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Scientific tests before action

Superstore owners in Bangladesh urge government the government
Clockwise, closed outlets of Agora, Meena Bazaar, Nandan and Swapno in the capital. Bangladesh Supermarket Owners Association kept all their outlets across the country closed yesterday protesting “harassment through implementation of a discriminatory policy and misuse of law”. Photo: Palash Khan

Superstore owners yesterday urged the government to scientifically test any product from their shelves before taking action based on allegations of selling substandard or adulterated foods.

“We have no objection if the government takes action based on scientific examinations at the reputed laboratories,” said Md Zakir Hossain, general secretary of the Bangladesh Supermarket Owners Association.

The association held a press conference at Spectra Convention Centre in the capital, pressing home to stop “misuse of law and harassment” in the name of ensuring safe food, as operators of nearly 100 superstores kept their outlets shut in protest yesterday. 

The move came after a mobile court last week fined Agora, Meena Bazar and fast food chain Coopers on charges of keeping expired and stale food items at their shops in the capital's Shantinagar.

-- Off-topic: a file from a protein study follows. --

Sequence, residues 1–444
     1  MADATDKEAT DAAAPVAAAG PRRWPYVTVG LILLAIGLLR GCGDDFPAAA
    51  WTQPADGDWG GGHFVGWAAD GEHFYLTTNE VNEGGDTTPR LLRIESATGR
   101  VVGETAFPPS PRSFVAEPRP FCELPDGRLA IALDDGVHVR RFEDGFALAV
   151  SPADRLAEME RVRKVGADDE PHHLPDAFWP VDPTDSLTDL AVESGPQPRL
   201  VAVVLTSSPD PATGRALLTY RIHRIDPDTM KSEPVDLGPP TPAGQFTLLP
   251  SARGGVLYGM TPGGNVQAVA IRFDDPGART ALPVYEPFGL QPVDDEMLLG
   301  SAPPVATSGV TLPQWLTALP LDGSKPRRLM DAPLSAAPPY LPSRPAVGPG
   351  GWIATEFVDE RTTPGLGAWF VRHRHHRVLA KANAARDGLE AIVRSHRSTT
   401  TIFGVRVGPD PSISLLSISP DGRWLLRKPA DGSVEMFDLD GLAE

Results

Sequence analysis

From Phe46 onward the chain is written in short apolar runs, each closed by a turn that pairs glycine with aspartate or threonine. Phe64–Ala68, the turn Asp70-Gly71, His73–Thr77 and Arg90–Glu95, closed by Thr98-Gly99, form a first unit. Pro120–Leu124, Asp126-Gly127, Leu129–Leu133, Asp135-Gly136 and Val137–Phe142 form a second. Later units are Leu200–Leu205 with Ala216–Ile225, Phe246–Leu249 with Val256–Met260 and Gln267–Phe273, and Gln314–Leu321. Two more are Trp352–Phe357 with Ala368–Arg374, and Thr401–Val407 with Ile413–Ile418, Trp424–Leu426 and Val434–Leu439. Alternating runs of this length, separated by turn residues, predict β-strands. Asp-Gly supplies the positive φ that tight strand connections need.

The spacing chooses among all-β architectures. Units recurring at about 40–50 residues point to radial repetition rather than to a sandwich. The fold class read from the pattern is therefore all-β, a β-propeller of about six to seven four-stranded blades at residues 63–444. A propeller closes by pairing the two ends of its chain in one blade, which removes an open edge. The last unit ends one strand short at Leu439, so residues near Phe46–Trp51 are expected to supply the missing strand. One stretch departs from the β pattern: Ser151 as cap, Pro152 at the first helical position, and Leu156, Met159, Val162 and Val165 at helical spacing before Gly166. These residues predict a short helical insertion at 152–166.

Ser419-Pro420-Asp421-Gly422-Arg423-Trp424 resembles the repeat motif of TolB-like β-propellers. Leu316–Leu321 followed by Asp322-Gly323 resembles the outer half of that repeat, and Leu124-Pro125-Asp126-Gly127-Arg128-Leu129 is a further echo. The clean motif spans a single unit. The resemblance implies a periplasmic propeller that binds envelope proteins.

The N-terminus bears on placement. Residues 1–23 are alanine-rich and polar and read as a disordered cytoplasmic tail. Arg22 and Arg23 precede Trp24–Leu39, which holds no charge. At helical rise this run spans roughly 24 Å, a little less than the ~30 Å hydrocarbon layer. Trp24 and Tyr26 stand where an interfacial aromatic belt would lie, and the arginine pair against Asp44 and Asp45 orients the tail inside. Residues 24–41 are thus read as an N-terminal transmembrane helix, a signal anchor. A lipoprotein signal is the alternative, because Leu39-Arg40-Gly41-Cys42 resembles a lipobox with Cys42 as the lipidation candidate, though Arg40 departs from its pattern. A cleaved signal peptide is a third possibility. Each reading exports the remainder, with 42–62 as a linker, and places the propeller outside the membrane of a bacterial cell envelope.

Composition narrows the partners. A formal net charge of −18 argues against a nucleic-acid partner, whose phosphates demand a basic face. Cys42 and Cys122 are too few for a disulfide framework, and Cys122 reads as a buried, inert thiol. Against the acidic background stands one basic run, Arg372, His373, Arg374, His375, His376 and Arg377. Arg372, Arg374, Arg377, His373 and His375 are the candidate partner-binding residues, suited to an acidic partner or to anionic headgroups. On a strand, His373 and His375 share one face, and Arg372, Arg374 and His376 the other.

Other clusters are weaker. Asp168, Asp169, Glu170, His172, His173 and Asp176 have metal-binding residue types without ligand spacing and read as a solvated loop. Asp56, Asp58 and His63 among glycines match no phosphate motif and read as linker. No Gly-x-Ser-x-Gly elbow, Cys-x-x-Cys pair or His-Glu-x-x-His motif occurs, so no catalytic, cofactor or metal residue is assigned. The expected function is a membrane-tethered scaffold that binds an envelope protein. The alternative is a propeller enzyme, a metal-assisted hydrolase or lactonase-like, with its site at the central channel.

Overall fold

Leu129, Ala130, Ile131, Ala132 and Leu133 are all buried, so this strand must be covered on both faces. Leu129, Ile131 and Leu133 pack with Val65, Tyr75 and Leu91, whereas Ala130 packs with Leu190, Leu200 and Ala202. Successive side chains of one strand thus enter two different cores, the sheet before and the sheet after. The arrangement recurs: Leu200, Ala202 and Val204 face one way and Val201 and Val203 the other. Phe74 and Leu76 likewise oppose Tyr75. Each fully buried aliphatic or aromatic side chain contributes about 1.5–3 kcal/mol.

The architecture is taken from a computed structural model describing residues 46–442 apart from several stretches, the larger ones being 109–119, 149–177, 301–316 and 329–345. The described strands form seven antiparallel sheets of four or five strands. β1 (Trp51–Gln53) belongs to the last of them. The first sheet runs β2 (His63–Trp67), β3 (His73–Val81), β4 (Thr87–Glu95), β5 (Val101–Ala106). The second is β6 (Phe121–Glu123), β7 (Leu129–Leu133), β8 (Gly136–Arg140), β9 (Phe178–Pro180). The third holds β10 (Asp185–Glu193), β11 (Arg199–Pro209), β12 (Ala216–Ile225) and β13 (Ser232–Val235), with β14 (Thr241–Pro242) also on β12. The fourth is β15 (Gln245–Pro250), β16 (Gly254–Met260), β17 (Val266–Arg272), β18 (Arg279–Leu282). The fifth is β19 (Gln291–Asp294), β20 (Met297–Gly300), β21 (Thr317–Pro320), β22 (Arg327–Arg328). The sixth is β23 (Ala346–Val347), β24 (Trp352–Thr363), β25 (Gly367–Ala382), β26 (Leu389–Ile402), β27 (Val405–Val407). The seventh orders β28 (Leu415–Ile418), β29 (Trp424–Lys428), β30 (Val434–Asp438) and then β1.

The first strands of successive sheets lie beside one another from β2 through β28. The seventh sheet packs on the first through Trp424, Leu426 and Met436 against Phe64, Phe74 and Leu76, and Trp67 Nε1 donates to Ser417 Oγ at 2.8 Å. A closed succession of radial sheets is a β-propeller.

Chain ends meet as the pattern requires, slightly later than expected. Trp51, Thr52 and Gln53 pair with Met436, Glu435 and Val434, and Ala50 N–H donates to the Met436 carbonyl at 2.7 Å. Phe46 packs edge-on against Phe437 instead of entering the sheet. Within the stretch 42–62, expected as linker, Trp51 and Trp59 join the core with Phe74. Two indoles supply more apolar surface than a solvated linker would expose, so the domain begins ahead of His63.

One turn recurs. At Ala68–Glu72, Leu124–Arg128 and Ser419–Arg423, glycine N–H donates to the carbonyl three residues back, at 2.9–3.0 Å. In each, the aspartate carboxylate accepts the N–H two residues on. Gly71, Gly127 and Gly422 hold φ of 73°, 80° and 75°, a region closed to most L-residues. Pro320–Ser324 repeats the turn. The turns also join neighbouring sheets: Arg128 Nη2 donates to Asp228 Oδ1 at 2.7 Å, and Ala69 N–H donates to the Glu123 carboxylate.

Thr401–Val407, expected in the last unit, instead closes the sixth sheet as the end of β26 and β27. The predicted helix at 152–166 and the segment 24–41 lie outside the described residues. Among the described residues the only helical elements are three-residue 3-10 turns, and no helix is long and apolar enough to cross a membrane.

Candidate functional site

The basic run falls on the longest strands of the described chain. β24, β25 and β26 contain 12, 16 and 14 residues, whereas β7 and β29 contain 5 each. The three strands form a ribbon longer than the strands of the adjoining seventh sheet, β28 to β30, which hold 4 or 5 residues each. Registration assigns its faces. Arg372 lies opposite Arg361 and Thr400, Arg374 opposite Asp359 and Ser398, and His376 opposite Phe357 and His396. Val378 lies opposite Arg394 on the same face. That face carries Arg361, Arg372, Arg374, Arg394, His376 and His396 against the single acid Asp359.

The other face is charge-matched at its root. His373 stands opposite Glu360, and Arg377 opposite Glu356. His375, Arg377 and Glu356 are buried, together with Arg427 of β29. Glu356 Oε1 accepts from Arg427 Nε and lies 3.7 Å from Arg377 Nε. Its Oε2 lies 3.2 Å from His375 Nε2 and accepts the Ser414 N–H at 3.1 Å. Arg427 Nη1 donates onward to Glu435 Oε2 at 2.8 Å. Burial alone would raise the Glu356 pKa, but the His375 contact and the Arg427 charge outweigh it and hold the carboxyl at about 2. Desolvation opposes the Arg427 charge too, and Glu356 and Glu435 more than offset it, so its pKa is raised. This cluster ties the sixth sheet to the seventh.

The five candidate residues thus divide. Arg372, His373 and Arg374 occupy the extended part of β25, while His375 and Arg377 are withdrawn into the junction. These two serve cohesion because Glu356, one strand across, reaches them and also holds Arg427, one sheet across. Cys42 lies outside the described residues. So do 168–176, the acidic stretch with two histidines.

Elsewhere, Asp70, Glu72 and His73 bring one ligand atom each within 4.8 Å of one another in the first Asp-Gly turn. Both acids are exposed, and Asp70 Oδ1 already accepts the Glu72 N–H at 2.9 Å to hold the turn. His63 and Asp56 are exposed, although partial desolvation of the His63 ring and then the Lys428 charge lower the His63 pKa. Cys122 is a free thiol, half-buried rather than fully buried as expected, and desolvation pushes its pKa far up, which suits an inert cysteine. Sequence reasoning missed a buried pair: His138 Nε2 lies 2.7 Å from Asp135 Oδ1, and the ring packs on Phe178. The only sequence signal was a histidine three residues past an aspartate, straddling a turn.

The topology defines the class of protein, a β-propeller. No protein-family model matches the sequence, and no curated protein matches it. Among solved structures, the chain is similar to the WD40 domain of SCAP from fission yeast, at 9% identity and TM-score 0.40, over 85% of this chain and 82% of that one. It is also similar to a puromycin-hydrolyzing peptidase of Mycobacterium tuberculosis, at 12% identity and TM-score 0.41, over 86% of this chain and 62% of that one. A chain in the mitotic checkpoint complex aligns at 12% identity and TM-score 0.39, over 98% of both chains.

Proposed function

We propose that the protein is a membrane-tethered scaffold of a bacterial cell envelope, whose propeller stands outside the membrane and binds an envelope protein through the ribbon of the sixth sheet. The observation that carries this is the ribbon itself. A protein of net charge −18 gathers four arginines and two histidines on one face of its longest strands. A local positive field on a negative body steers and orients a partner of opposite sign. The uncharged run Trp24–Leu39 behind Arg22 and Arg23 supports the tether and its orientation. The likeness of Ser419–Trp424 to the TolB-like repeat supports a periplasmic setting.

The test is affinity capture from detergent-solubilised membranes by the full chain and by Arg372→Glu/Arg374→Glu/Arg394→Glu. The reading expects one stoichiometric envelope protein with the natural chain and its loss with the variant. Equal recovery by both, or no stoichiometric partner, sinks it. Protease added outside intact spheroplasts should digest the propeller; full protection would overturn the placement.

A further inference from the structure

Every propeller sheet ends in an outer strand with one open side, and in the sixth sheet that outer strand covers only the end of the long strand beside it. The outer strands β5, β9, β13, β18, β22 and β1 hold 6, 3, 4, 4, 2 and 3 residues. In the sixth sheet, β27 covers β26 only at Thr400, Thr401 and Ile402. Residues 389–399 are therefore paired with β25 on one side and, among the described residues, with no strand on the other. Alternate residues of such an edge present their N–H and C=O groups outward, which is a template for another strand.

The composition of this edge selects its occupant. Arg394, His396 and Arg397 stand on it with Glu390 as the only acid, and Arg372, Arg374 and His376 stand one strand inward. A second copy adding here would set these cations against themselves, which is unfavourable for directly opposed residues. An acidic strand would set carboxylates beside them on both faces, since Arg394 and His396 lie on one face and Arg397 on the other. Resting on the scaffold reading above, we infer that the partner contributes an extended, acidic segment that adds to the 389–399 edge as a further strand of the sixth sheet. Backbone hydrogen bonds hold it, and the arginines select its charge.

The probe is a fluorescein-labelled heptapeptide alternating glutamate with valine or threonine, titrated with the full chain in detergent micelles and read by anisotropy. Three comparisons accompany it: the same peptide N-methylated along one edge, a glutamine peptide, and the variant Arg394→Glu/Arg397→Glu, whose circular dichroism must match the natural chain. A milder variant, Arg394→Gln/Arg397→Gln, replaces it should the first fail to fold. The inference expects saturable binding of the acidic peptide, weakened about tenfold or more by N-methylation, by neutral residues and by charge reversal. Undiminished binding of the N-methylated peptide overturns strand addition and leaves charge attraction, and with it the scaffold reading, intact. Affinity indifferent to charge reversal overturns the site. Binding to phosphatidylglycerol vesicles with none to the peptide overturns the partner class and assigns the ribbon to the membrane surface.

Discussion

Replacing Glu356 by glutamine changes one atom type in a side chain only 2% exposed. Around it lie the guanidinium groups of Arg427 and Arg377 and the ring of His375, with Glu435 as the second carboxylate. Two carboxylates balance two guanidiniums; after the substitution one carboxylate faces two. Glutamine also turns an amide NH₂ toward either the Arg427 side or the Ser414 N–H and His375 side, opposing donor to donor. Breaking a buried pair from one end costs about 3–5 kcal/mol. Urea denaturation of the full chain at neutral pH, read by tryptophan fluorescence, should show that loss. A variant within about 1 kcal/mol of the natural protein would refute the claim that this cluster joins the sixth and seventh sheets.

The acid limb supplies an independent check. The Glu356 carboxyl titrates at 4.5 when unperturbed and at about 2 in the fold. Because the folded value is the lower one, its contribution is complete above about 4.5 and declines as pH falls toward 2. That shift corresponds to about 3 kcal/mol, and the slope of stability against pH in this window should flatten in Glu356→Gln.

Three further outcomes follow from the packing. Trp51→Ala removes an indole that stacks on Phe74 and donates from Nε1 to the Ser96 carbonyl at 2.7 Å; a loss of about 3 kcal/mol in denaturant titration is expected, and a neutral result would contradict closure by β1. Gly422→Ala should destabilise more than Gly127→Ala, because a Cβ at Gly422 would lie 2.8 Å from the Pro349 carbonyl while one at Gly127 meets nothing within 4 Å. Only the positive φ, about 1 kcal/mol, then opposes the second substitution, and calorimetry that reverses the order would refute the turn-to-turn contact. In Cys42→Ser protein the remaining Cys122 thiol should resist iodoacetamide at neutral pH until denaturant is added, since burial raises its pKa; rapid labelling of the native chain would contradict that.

The mobile court of Bangladesh Food Safety Authority under the food ministry sentenced Agora's Shantinagar branch manager Monirul Islam to two years' imprisonment, according to a food ministry press release.

It also fined the manager of the Agora outlet Tk 2 lakh and the in-charge of Meena Bazar and manager of Coopers Tk 3 lakh each on the same charges.

Zakir said all superstores would remain open today.

The association claimed that supermarkets had introduced various scientific methods in the country to supply and preserve quality food.

“When supermarkets are playing a visible role in ensuring safe food, mobile courts with the help of police, Rab [Rapid Action Battalion] and media outlets have been conducting raids repeatedly. And we are being fined based on the results of tests carried out unscientifically.

“It appears that the supermarkets are being targeted,” Zakir said while reading out a written statement at the conference.

A wrong message is being sent out through these raids that the objective of these stores is to sell rotten or adulterated products.

“It should be understood that the companies that have invested a lot in building infrastructures and branding will not do anything willfully, which leads to losing customer confidence,” the association said in the statement.

It is not possible to ensure safe food without effective steps to prevent adulteration in the production and supply chains, according to the association of 32 superstore operators.

Supermarkets can easily be a partner in safe food movement but instead they have been made opponents unnecessarily, it said.

The association added that it wanted the government to recognise the investments made in the last one and a half decades in expanding superstore businesses.

At present, some 120 outlets are open in the country; most of them are in the capital. Shwapno, Agora and Meena Bazar are the main superstore operators, according to the association.